TVT Records has won its copyright infringement lawsuit against MP3.com, which was ordered last November to pay out more than $53 million in a settlement to the Universal Music Group (UMG) for illegal
TVT Records has won its copyright infringement lawsuit against MP3.com, which was ordered last November to pay out more than $53 million in a settlement to the Universal Music Group (UMG) for illegal use of copyrighted material through its My.MP3.com storage service.
Judge Jed Rakoff of the U.S. District Court of the Southern District of New York awarded TVT the right to damages for both the label and the artist who composed the infringed tracks. Damages will be awarded at a March 26 hearing.
The UMG judgement was sped along by the potential for weeks and perhaps months of legal wrangling over the final number of infringed recordings and arguments such as the validity of UMG's copyright registrations and whether or not they were illegally registered as works made for hire. The latter issue is expected to be debated at the March 26 hearing, with regard to the number of TVT's infringed works.
TVT president Steve Gottlieb tells Billboard.com that the decision "makes it clear that, whether you're a multi national [corporation] or not, your copyrights and your artist rights have value and must be acknowledged.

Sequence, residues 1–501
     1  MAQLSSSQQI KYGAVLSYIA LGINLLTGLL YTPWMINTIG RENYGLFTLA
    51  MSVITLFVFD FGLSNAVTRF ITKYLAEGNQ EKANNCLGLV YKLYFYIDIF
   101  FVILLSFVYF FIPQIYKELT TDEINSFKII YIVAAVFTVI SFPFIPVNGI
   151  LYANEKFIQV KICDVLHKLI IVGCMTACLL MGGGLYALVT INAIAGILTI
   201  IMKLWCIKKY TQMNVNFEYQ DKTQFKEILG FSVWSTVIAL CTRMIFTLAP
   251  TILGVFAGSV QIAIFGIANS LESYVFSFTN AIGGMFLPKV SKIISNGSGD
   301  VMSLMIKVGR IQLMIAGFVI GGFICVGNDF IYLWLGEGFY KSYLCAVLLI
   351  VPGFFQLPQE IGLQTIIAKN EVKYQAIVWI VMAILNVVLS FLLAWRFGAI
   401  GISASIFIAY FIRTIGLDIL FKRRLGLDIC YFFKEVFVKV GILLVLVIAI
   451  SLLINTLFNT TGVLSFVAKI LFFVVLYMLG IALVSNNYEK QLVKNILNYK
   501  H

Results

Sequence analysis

"We did not bring our suit until after there was a judgement against MP3.com saying, 'You're infringing. What you did was an infringement of copyright. Cease and desist.' And what did they do? They say, 'We're gonna take down all the majors and leave up everyone else.' So, we found that apart to the whole notion of fair play. We think it's extremely important that people working with creative content online understand that there are not two types of copyrights: multi-national corporate copyrights and other copyrights."
Calls seeking comment from MP3.com were unreturned at deadline.
In January, TVT became the first independent label to settle a copyright infringement suit with Napster and work with the company to further its membership-based business model. Under terms of the settlement, TVT will allow the master recordings and musical compositions it owns or controls to be used for file sharing on the new Napster service.
In addition, Gottlieb has agreed to act as an advisor to Napster, and the label will promote further industry acceptance of the model.